A Long-Overdue Trip to the Rock and Roll Hall of Fame

Photo courtesy of Rock and Roll Hall of Fame and Museum
Part of the original set from Pink Floyd's "The Wall" tour in 1979-80
While it's true that my Bucket List could be contained in a fairly small bucket, a big one got checked off recently when I was able to finally stroll into that big ass glass pyramid on the shore of Lake Erie in downtown Cleveland: I had arrived at the Rock and Roll Hall of Fame and Museum.

Though it was established in 1983 and began inducting members shortly thereafter, the physical building did not open until 1995. The Museum's six levels host thousands of artifacts, interactive displays, video screens and jukeboxes, two theaters, and enough nooks and crannies to keep even the most casual music fan occupied for hours.

I was there for five, and could have easily spent five more. Or just move in there for a week or so. Though I think security might question a guy with a sleeping bag at the foot of Howlin' Wolf's guitar.

Other photos by Bob Ruggiero and those in his tour group
The author in front of Beatles memorabilia from their Sgt. Pepper's period
But the Hall of Fame is far more than a collection of memorabilia (a piece of Otis Redding' death plane!), musician's items (Warren Zevon's handwritten lyrics to "Play It All Night Long!") or stage costumes (Michael Jackson was tiny!).

And that's not mentioning the café and extensive gift shop, the latter of which was pleasantly surprising for its huge offerings of music alone, including imports I've never seen before.

Without gushing (OK, if it's OK to gush at one thing I guess...) it's a place where the entirety of music for the last nearly century -- from country, blues, rockabilly, and soul to folk, psychedelia punk, thrash, and rap -- come together in one narrative. And it all makes sense.

Yeah, I've got problems - big problems -- with the list of inductees to date in terms of who is in there that shouldn't and who should be in there that's not (Deep Purple -- this has to be your year!).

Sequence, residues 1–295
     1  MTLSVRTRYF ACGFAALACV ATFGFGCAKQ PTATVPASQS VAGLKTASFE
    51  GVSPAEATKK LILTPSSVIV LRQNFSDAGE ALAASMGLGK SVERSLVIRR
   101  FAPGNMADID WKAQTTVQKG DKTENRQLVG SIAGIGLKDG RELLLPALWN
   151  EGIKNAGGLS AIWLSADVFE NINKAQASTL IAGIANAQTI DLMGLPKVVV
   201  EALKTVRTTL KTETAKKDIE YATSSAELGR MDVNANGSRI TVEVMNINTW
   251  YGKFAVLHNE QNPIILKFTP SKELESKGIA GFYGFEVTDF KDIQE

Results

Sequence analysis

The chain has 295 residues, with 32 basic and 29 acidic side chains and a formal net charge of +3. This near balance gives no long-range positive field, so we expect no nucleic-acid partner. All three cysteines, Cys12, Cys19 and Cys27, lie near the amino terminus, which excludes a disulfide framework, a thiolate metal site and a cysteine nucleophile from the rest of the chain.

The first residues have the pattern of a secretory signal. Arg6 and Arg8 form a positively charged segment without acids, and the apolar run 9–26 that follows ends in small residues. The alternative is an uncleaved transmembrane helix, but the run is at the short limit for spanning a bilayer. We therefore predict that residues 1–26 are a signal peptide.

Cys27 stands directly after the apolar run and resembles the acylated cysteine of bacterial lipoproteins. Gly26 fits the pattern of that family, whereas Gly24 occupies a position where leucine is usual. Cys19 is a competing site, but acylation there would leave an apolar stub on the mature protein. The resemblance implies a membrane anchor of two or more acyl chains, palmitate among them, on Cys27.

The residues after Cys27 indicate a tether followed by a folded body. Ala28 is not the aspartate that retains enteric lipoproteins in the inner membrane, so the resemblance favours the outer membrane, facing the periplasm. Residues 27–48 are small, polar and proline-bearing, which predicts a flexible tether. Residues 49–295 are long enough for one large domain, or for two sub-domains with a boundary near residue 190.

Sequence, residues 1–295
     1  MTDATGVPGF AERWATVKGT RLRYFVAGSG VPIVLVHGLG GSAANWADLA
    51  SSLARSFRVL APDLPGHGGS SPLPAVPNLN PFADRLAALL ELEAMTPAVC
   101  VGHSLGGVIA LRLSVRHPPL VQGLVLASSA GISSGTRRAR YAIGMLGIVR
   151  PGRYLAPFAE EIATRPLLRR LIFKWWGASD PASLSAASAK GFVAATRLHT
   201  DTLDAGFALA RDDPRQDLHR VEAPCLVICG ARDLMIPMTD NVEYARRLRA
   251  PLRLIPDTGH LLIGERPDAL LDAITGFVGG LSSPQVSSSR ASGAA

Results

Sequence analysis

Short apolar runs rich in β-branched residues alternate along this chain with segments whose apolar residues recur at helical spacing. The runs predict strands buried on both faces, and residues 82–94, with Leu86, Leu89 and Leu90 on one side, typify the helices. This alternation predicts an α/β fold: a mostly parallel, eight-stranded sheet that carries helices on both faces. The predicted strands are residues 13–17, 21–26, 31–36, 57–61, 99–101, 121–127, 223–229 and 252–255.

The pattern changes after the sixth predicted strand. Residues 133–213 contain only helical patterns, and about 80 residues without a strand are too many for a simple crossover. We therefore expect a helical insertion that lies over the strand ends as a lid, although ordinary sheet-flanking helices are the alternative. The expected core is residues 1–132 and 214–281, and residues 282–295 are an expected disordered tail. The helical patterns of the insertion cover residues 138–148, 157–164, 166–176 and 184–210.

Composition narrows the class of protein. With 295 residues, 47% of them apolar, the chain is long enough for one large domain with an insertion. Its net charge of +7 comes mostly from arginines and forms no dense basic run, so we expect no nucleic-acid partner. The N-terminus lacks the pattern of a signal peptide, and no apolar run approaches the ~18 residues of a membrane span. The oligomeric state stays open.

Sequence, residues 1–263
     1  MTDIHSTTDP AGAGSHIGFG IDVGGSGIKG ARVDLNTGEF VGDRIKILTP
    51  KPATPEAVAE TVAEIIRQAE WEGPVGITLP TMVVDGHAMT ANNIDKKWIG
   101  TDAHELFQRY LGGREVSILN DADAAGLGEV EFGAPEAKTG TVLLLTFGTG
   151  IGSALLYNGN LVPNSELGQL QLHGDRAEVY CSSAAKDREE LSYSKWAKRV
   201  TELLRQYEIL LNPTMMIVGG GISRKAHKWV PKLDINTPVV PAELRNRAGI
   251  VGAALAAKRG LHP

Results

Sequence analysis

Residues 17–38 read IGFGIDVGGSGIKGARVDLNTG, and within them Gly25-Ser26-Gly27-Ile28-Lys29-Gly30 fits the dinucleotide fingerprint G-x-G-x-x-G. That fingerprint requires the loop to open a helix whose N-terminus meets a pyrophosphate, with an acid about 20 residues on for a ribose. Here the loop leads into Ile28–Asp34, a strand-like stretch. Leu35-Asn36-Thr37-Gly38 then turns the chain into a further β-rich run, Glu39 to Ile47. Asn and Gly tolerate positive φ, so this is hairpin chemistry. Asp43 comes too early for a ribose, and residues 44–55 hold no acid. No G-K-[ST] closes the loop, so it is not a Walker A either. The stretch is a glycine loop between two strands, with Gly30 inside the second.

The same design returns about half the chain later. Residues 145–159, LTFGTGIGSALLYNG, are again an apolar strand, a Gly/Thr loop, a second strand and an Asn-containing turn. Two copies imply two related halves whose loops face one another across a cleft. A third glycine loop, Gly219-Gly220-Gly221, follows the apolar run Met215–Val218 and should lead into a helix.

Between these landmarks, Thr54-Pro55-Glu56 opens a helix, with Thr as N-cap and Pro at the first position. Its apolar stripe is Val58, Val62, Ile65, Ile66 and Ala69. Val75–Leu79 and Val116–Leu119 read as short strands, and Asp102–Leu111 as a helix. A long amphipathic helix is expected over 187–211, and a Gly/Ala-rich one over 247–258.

But all that seem to fall by the wayside as I explored the incredibly well laid-out exhibits - both permanent and temporary - throughout. Here were some of my favorite permanent highlights.

Photo courtesy of Rock and Roll Hall of Fame and Museum
The platform boots of Peter Criss, original drummer for 2014 Rock and Roll Hall of Fame inductees KISS
Mystery Train film
The first stop for most museum-goers, this 12-minute, narrator-free film uses the metaphor of a train for the unstoppable approach of rock and roll music. A locomotive that travels through antecedents of older music with effective black and white footage of both performers and society from the '20s through the '50s.

Legends of Rock and Roll
These artist-specific exhibits focus on the Big Guns including Elvis, the Beatles, the Rolling Stones, Jimi Hendrix and U2. Even diehard fans will learn something new, and the sheer amount of stuff with a direct relation to the artist is astounding, from famous stage costumes to bits of lyrics written on hotel stationary to personal items. And who knew a young Hendrix made so many crayon and pencil drawing of sports scenes?

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As long as the so-called "Hall of Fame" ignores Chicago, it has zero credibility. More like the Hall of Shame.


@juliakosatka There are plenty of acts about whom one could say that, too many to list. I have always loathed Journey, but I believe they deserve to be enshrined. So far, not even a nomination. The HoF has certain standards for induction; dozens of multi-platinum-selling bands and solo acts do not meet those standards; therefore, just being a household word is no guarantee of induction.

However, even acts that might never be inducted make appearances in exhibits at the Museum. The place is incredibly and mindfully curated. It's a powerful sensory and emotional experience for true fans of modern popular music. On a visit in 2001, seeing a telegram from Redd Foxx to Jackie Wilson after the latter's accident made me weep; John Lennon's eyeglasses just about made me faint. The Inductees Film reminds us all why those particular artists were worthy of a place in the Hall, even the ones we don't much care for.

Bob R.: Don't forget that "stationary" means not moving, but "stationery" is paper.


@dbcsez @juliakosatka Good points, though I'd argue that Chicago's contribution to prog rock in the 60s and 70s more than warrants their inclusion. 

On another note, though related to Chicago, have you heard about the film the late, great Terry Kath's daughter, Michelle Kath Sinclair, is making about her father? Talk about an under appreciated talent - Terry Kath was one of the finest rock guitarists around. Insanely talented. Damn shame we lost him so young.

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